“I see this as evidence of how important Italy’s reform process is for the country and for the eurozone as a whole,” European Commission President Jose Manuel Barroso said.
The commission will also monitor Italy, conducting a first assessment next week. But the IMF’s new role takes the eurozone crisis to a new level and suggests that markets no longer trust the EU to police its own economies.
To varying degrees bailout recipients Greece, Portugal, Ireland and now Italy are relinquishing sole control of their economic policy.
The leaders of France, Germany, Italy, Spain, the European Central Bank, the IMF and EU institutions discussed with Obama ways of boosting the IMF’s war chest to help prevent fallout from Europe plunging the world economy into recession.
Talks against bailout
British Prime Minister David Cameron, whose Euro-sceptical country opted out of the single currency, argued vigorously against any use of IMF funds to support the eurozone.
He was backed by Canadian Prime Minister Stephen Harper, who told reporters, “We see absolutely no reason why Canada, or frankly why any range of other countries, would need to contribute to such a bailout”.
Eurozone countries were wealthy and had the means of dealing with their own problems, Harper said.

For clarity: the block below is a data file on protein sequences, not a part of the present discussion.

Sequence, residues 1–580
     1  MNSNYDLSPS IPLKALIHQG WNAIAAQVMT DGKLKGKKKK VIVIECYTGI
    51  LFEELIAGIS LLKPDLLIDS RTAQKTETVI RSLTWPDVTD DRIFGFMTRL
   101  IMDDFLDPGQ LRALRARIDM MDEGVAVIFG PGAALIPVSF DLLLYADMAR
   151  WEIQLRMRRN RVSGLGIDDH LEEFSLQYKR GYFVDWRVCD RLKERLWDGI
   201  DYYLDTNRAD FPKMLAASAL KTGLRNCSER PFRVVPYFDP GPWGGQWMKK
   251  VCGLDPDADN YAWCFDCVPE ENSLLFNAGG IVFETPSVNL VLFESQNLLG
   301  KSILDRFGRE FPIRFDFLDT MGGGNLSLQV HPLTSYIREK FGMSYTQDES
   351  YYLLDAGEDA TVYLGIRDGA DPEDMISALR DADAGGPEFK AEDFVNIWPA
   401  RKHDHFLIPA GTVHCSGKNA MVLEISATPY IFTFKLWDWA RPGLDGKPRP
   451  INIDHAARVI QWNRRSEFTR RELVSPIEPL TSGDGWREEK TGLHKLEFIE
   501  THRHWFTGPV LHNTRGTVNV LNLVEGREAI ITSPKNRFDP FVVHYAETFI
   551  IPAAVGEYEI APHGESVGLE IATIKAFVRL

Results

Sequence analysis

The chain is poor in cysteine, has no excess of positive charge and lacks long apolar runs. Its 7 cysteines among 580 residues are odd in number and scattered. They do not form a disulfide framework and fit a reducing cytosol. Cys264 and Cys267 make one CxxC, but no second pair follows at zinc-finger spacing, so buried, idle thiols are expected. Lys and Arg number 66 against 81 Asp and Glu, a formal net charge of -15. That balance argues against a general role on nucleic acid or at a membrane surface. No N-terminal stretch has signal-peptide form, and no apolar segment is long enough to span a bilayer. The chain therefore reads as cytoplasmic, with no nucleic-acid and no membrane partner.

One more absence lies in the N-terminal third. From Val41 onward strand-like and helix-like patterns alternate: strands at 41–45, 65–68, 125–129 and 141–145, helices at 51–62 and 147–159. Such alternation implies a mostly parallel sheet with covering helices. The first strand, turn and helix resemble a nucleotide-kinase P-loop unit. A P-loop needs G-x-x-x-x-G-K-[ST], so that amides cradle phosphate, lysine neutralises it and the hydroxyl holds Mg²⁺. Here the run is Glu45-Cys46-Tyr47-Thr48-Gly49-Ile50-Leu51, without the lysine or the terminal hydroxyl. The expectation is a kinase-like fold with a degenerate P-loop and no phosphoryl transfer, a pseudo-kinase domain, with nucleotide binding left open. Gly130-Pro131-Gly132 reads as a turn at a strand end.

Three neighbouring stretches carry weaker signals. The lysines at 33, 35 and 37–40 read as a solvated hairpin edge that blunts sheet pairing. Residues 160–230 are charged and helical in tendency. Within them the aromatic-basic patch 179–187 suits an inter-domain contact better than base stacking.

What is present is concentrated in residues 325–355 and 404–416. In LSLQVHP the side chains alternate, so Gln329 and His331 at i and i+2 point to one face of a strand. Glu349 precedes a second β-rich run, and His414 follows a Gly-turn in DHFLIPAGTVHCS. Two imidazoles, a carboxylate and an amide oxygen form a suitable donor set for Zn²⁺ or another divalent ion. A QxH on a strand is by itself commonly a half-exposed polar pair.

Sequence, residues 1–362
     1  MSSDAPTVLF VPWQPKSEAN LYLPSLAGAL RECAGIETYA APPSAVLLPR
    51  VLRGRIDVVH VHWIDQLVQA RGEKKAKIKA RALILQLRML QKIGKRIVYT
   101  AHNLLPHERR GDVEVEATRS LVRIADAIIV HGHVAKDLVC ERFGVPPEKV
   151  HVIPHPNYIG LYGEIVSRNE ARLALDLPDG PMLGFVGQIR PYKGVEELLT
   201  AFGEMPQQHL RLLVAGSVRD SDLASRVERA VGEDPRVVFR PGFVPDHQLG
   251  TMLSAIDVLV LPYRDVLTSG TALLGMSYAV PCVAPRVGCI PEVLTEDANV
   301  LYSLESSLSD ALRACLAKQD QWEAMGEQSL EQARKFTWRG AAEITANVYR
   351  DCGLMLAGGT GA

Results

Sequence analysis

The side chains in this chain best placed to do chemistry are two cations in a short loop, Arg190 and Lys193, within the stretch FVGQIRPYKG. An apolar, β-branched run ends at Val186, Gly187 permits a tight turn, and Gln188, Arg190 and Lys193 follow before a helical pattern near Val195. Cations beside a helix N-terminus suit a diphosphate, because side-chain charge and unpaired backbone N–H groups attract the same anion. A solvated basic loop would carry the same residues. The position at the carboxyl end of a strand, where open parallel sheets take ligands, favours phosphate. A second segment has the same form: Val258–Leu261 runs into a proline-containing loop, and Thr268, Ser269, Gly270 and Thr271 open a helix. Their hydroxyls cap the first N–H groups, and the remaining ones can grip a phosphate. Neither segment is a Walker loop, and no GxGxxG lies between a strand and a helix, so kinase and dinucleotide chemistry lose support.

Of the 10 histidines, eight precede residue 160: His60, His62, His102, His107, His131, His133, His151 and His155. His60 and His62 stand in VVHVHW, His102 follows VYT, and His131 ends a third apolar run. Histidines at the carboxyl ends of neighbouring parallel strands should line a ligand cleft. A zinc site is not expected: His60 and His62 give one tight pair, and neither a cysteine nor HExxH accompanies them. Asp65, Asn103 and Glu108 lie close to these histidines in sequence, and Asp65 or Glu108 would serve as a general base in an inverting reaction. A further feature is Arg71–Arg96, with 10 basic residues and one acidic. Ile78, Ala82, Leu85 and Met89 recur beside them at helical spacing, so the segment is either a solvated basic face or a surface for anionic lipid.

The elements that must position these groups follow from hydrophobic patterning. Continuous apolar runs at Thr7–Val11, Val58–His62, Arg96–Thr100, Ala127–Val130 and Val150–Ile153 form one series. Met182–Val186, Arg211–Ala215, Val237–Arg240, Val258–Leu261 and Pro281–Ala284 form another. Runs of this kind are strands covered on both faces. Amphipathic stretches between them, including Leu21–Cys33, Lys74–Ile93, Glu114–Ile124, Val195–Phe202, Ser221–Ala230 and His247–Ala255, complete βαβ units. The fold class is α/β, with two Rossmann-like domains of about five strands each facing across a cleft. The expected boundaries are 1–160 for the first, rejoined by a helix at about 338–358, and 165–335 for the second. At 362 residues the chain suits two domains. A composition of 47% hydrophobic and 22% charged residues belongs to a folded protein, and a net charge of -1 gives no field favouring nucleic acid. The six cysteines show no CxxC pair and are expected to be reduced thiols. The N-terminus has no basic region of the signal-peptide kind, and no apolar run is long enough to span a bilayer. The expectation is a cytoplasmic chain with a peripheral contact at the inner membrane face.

No figures were agreed on the IMF but the boost to resources, mostly from large emerging countries such as China, could be in the range of $300-350 billion, G20 officials said.
Sarkozy said G20 finance ministers were instructed to take forward several options for scaling up the fund’s resources when they meet next February.
“We will ensure the IMF continues to have resources to play its systemic role to the benefit of its whole membership,” the final G20 communiqué said.
One idea discussed in Cannes would entail pooling eurozone countries’ rights to borrow from the IMF to build a fighting fund to support vulnerable sovereigns such as Italy and Spain. This could make available another $280-300 billion, a G20 source said. But no decision was taken.
Beyond Greek drama
Delegates gathered in the building that hosts the annual Cannes film festival found themselves watching the eurozone battle to snuff out its biggest fire yet.
Greece’s future in the eurozone may hinge on a vote of confidence in Socialist Prime Minister George Papandreou late on Friday night.
If he wins, government sources say he has pledged to step aside and make way for an interim national unity government that would enact the EU/IMF bailout plan, receive a vital aid instalment and pave the way for early elections next year.
However, if he loses, Greece will be plunged into deeper political turmoil and may face a hard default and possible exit from the 17-nation single currency area.
The Greek drama wiped out Sarkozy’s hopes of a breakthrough on big early goals such as rethinking the global monetary system. But the summit did call for a more rapid move to market determined exchange rates, explicitly mentioning China for the first time in that context.
“The crisis in Europe is causing a global systemic crisis including Asia. Rather than creating a new global framework, everyone is expecting the IMF to become more proactive,” Japanese Finance Minister Jun Azumi said.
“The focus of debate is how to set up a firewall but we consider that the IMF should become one big wall.”—Reuters